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x ACKNOWLEDGMENTS Geoffrey Haines Styles, POLAR-PALOOZA/P2K, Carthage Smith, International Council for Science, New York, NY Paris, France Fae Korsmo, National Science Foundation, Mead Treadwell, Lt. Governor of Alaska, Juneau Washington, DC Don Perovich, ERDC-CRREL, Hanover, NH The committee would also like to thank the Ted Scambos, NSIDC, Boulder, CO numerous scientists spoken to throughout the study Peter Schlosser, Lamont-Doherty Earth Observatory, process, in particular all of the questionnaire respon- Columbia University, New York, NY dents who provided their thoughts on the lessons and legacies from IPY.

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xi Southern Ocean Dr ak Larsen B eP ice shelf ass age Wilkins ice shelf Gamburtsev South Belling Shausen Sea Mountains Pole Pine Island Glacier ice shelf Ross ice shelf McMurdo Amundsen Sea Ross Sea Map of Locations in the Antarctic Described in the Report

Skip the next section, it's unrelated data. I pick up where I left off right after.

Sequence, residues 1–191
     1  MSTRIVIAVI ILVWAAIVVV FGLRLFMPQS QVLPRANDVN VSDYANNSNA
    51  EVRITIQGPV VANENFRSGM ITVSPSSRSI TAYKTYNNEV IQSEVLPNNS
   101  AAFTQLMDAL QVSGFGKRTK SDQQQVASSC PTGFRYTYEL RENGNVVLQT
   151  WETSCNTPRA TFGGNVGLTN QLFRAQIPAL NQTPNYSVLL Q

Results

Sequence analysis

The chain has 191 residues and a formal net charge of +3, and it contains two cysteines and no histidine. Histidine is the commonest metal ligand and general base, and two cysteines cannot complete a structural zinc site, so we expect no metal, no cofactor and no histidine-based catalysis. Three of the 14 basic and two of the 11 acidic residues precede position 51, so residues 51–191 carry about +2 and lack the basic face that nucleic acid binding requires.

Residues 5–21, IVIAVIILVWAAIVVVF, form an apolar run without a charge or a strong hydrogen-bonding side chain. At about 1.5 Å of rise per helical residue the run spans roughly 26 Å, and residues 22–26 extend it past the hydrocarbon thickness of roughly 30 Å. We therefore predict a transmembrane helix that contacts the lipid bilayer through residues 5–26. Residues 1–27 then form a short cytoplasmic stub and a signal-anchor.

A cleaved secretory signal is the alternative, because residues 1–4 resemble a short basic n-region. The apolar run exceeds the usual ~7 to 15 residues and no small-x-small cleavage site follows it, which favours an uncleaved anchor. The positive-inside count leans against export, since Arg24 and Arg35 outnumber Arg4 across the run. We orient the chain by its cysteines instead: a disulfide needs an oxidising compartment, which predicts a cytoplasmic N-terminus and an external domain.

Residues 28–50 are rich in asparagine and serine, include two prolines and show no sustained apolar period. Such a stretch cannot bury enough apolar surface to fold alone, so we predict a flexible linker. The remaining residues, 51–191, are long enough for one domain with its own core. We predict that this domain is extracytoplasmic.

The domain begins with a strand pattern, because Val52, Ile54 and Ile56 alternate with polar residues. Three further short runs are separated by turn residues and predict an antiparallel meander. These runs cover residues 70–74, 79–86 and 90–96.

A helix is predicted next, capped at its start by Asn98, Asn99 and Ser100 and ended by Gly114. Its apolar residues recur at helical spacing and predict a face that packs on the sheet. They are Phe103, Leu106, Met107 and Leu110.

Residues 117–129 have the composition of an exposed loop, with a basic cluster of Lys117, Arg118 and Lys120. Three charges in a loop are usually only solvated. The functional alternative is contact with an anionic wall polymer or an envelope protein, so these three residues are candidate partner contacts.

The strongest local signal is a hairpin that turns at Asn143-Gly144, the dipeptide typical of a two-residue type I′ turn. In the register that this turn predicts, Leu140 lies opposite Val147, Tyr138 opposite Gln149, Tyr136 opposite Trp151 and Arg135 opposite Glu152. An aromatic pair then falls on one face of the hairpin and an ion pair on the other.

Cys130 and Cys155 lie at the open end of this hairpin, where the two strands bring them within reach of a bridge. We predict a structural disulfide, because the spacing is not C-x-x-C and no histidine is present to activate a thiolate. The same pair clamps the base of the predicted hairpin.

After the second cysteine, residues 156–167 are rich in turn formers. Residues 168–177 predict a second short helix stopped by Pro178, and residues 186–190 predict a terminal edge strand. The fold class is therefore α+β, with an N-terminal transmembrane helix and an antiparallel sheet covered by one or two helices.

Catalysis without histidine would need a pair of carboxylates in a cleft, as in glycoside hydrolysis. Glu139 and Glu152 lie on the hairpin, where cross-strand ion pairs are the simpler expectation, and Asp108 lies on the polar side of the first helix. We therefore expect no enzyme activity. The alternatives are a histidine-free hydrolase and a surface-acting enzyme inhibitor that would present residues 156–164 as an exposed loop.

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xii Lake El’gygytgyn Bering Sea Chukotka, Chukchi Sea Russia Gambell, AK East Kivalina, AK Siberian Sea Newtok, AK Seward Peninsula, AK Sishmaref, AK Kolyma Togiak, AK River Shaktoolik, AK Republic of Sakha, Russia Laptev Barrow, AK Sea Khanty-Mansyisk, Russia Anchorage, AK Bering North Strait Fairbanks, AK Pole Beaufort Sea Kara Sea Arctic Barents Sea Ocean Kautokeino, Norway Clyde River, Fram Strait Canada Norwegian Igloolik, Canada Sea Iqaluit, Canada Summit, Greenland Labrador Davis Strait Sea Map of Locations in the Arctic Described in the Report

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Contents SUMMARY 1 1 INTRODUCTION 9 2 THE HUMAN ELEMENT IN INTERNATIONAL POLAR YEAR 2007-2008 15 3 SCIENTIFIC ADVANCES AND DISCOVERIES 27 4 SCIENTIFIC TOOLS AND INFRASTRUCTURE 67 5 KNOWLEDGE TO ACTION 89 6 REFLECTIONS 105 REFERENCES 111 APPENDIXES A Statement of Task 125 B Workshop Agenda 127 C Biographical Sketches of Committee Members 131 D Acronym List 135 xiii